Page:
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Ready, set, GLOW! When (& why) to eat for skin that's radiant AF


You know, I probably should have started with this. Last week I shared what to eat for radiant skin. Sure, there’s specific nutrients that pack a powerful punch when it comes to taking care of your body armor, but there are no crazy secrets. I think everyone knows the not-secret is … don’t eat garbage. That’s the “trick” to solving so many problems. I don’t know, maybe people read that last blog hoping to find a quick fix. They’d have had to make it all the way to the P.S. statement at the bottom to find that implementing the simple, not-garbage-eating not-secret to find out taking care of yourself actually is kind of a quick fix, at least when it comes to skin. All of your skin cells regenerate about every 28 days, so each day your skin can glow harder 1/28th at a time. It adds up pretty fast.  

When to eat is probably more valuable information to share with you. If you’re picking up what I’m putting down, I’m talking fasting and snacking. So, I guess it is more about when not to eat. Simply put, you may want to experiment with intermittent fasting and reducing/eliminating snacks between meals for loads of healthy reasons.
Intermittent fasting is a tool you can throw in your toolbox. Here’s my favorite way it can support your skin goals:


Think of autophagy as a waste management process within you to cleans up cellular debris from constant cellular regeneration, recycles what it can, and eliminates the rest along with the toxins created through normal biological processes within the body or taken in from outside. It also plays the role of quality control – sometimes you create sucky cells, and autophagy bounces them out of your body club. There is a lot going on in that bod of yours. When you overwhelm your body with a near constant stream of food working its way through your digestive tract, autophagy is deprioritized. This leads to buildup and improper cellular regeneration.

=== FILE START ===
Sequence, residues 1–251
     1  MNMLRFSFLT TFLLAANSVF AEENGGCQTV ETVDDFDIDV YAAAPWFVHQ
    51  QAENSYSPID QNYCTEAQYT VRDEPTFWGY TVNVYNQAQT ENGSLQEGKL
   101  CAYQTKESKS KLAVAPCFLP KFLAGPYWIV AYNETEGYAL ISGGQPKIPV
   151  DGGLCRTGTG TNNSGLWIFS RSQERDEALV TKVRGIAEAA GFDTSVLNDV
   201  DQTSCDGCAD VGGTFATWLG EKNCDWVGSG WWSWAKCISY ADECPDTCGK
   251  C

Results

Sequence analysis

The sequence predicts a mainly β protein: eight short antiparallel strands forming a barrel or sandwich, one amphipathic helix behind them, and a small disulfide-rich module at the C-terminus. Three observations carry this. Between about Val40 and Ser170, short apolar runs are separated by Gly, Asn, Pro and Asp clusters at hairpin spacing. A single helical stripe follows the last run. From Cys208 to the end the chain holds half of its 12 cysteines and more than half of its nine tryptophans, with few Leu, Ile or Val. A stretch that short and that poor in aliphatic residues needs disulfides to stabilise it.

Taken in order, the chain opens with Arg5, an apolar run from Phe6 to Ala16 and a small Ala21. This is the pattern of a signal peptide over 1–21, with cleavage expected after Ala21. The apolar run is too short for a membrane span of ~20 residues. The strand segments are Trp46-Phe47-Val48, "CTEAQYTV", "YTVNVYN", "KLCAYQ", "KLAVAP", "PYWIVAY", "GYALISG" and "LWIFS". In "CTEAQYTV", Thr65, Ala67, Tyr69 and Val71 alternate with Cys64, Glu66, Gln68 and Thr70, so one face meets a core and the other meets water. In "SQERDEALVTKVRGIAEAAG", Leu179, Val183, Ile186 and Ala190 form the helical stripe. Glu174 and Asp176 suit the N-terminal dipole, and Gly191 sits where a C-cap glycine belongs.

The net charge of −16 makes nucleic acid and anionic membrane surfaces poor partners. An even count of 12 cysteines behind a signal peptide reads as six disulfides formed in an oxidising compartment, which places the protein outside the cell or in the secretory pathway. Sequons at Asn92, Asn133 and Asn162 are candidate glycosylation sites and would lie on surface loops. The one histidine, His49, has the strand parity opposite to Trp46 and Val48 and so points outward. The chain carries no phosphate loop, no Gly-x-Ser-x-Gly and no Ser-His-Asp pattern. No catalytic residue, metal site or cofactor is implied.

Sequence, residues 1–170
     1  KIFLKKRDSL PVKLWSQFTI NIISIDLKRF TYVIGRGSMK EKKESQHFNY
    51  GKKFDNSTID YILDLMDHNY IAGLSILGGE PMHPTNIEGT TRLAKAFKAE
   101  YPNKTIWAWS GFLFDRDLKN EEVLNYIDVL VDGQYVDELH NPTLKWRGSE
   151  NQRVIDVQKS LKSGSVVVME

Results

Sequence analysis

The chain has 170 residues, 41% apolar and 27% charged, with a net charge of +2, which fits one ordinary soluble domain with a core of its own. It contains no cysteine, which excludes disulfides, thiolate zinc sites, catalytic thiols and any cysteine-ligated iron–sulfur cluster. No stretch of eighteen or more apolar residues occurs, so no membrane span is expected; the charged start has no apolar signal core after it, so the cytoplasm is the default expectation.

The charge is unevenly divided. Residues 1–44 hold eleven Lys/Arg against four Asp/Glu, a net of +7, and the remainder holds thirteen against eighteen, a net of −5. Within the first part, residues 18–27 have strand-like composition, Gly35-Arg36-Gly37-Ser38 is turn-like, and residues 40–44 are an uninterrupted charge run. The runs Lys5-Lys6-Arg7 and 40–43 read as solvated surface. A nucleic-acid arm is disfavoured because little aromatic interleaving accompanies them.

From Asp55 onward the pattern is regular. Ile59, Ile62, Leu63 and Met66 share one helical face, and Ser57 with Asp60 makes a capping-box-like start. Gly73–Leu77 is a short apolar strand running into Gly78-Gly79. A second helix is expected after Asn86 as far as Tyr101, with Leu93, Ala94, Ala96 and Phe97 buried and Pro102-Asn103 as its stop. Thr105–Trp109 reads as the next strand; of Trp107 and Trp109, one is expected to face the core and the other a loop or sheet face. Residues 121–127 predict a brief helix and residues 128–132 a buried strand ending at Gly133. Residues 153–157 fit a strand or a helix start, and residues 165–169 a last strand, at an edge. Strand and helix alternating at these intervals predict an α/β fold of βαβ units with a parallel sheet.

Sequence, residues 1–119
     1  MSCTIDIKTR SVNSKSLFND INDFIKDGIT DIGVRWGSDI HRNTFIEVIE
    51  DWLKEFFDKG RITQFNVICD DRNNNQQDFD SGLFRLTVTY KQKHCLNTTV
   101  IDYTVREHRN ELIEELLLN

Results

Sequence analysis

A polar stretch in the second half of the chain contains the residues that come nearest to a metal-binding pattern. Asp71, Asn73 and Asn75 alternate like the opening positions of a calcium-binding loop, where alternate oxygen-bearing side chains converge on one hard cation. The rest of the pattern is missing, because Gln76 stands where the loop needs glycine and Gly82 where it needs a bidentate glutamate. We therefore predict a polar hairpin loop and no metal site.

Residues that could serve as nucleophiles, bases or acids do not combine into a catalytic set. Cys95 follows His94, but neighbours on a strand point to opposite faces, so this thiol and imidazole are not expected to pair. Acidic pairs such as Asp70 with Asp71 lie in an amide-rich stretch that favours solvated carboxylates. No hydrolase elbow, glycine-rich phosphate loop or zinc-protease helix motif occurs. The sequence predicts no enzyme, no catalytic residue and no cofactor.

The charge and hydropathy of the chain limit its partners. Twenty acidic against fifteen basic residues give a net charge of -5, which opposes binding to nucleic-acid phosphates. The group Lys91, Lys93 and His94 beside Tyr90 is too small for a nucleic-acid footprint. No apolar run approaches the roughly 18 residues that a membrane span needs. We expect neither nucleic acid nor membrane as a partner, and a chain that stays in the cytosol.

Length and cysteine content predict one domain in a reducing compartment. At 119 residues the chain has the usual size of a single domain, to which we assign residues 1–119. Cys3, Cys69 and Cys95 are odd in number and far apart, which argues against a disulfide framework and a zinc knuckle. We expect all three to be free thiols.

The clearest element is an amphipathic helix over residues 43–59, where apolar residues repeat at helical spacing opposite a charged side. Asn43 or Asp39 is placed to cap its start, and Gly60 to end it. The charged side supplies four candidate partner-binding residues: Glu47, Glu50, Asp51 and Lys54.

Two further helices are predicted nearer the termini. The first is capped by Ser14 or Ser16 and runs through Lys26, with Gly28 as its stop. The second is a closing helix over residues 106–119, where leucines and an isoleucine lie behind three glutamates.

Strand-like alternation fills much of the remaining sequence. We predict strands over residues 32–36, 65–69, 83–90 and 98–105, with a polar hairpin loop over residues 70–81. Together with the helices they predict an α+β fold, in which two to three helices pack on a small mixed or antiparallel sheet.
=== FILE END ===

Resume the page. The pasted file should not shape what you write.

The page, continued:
When autophagy is working full-force, not only are your new skin cells going to be in their prime condition (assuming you’re getting proper nourishment), but you clear out all the gunk. You can say goodbye to that unnecessary extra skin that sticks around after weightloss or baby-birthing! You won’t need to do any juice cleanses to detox for that glow – your body’s own detox processes will be operating so well they won’t need the extra help. (I won’t go too far down this rabbit hole, but many cleanses do more harm than good anyways, so you’re better off just supporting your body’s natural processes.) When you turn on autophagy on the regular, not only can you slow aging, but research suggests it reverses aging in many ways – not just in your skin, but also in your brain.
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Honorable mentions

Intermittent fasting can also get your blood sugar under control, improve hormone function, and reduce inflammation. All of which will add to that glow among many, many other benefits!

Insight into action

Alrightie, you’ve probably heard about intermittent fasting before, and it may seem crazy pants to you. People practice it in all sorts of ways that can seem totally intimidating, inconvenient, and impractical: OMAD (one meal a day), full day fasts, and the ever popular but still kind of a stretch for many people 16/8 fast.

Based off what I know about Satchin Panda’s research with his team over at the Salk Institute (where the double-helix structure of DNA was discovered!), my recommendation is to get started with keep your eating window to 12 hours each day and do your best to limit snacking. Totally doable! If you so desire and are doing well on this 12-hour window, here and there maybe shrink that window to 10 or 11 hours. That’s kinda where I hang out, but I take it day by day.